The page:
The number of workers in the healthcare sector who seek compensation for both psychiatric and psychological injury has risen over recent years thanks to the type of work they do. On top of this, the number of employees in the workplace who file harassment and bullying claims has also been seen to rise. You could suffer psychiatric or psychological injuries in a multitude of ways whilst carrying out your work which could result in you suffering from mental issues which includes anxiety and stress.
If you suffered psychiatric and psychological injury at work, you could be entitled to seek compensation by filing a claim against an employer, to find out if your case would be valid, please read on.
What is the Definition of Psychiatric and Psychological Injuries at Work?
You may work in a stressful work environment and as a result you are put under constant pressure, or an employer may frequently ask you to work excessive hours in order to meet deadlines. Whatever job you may do, there could be times when the pressure becomes too much and the result is that you develop psychiatric and/or psychological injuries. This can negatively impact your overall health and well-being both in the work and home environment. Should this be the case, you could have grounds to pursue a claim for compensation against your employer.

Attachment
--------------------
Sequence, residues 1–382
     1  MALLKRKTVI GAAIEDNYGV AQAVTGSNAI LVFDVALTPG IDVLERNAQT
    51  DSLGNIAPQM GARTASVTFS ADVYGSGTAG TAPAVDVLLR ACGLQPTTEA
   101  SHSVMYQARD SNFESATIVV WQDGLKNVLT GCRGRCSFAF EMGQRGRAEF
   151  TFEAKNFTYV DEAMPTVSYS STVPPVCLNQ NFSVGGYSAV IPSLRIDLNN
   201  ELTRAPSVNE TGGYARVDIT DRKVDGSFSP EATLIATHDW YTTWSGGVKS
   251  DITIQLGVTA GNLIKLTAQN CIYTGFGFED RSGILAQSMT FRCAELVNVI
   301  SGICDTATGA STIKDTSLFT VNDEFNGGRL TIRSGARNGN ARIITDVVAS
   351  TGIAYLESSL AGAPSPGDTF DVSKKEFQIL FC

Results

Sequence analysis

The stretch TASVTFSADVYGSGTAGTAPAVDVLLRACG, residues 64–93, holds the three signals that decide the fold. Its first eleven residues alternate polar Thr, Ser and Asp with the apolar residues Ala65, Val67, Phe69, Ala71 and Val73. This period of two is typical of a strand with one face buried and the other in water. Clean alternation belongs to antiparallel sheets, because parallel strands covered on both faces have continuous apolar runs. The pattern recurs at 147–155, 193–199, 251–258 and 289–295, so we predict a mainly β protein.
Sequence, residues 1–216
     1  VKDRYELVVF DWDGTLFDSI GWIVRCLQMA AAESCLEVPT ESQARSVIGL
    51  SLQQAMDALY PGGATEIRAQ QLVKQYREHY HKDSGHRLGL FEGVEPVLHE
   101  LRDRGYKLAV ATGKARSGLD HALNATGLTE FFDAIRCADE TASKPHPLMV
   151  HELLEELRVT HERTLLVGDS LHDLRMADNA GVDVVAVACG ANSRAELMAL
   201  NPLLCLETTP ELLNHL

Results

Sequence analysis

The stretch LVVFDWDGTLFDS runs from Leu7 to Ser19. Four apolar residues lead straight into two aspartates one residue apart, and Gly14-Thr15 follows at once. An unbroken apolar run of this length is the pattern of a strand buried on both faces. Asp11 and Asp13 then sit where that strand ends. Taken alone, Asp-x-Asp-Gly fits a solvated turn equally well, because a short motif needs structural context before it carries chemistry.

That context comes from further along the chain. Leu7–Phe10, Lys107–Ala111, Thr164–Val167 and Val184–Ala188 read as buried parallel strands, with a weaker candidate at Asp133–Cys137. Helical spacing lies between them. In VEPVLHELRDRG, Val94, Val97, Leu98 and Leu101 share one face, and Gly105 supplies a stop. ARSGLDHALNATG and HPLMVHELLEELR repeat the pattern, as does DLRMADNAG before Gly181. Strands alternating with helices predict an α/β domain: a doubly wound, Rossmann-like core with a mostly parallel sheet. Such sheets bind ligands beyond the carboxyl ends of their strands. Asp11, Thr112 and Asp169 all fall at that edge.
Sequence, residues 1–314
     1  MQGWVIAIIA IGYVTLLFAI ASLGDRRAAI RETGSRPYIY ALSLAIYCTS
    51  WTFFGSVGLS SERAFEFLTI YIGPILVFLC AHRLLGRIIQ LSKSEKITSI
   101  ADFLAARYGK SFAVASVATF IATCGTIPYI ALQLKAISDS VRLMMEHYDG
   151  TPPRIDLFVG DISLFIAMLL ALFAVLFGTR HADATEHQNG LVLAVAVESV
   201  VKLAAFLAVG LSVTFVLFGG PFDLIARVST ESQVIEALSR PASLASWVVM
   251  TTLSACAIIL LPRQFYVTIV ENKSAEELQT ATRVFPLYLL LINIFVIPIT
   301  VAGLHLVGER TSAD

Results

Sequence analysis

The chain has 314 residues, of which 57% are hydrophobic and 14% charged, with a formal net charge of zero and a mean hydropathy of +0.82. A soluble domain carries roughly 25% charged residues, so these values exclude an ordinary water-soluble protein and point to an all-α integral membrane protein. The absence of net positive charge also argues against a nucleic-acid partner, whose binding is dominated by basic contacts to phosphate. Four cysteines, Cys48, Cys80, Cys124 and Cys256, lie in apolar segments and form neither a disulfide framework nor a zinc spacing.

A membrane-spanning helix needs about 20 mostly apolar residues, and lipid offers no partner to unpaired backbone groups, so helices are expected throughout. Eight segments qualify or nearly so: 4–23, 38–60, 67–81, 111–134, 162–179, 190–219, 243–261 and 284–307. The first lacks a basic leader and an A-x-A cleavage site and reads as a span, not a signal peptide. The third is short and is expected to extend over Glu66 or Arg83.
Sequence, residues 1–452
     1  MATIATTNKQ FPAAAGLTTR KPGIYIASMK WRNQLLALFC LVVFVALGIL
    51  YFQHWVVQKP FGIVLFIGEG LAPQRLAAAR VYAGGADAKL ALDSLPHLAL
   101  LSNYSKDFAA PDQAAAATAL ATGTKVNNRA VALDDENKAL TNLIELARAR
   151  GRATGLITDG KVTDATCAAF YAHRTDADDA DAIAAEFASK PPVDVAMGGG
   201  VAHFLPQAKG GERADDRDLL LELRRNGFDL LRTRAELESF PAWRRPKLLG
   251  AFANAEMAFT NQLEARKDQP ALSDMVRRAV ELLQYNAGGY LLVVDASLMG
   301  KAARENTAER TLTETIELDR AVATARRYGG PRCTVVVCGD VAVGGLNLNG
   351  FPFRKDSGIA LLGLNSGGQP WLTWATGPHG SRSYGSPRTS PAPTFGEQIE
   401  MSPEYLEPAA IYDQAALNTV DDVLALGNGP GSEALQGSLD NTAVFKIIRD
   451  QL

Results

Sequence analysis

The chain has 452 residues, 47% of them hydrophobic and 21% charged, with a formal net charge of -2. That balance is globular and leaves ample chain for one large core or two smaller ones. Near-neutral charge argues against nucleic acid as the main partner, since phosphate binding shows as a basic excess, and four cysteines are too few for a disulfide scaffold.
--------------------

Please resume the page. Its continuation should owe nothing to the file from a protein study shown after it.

When it comes to psychiatric and psychological compensation claims, you would have to prove that the “damage” you suffered was “reasonably foreseeable”. In short, this would be crucial for employer liability to be proved.
What Does Reasonably Foreseeable Mean?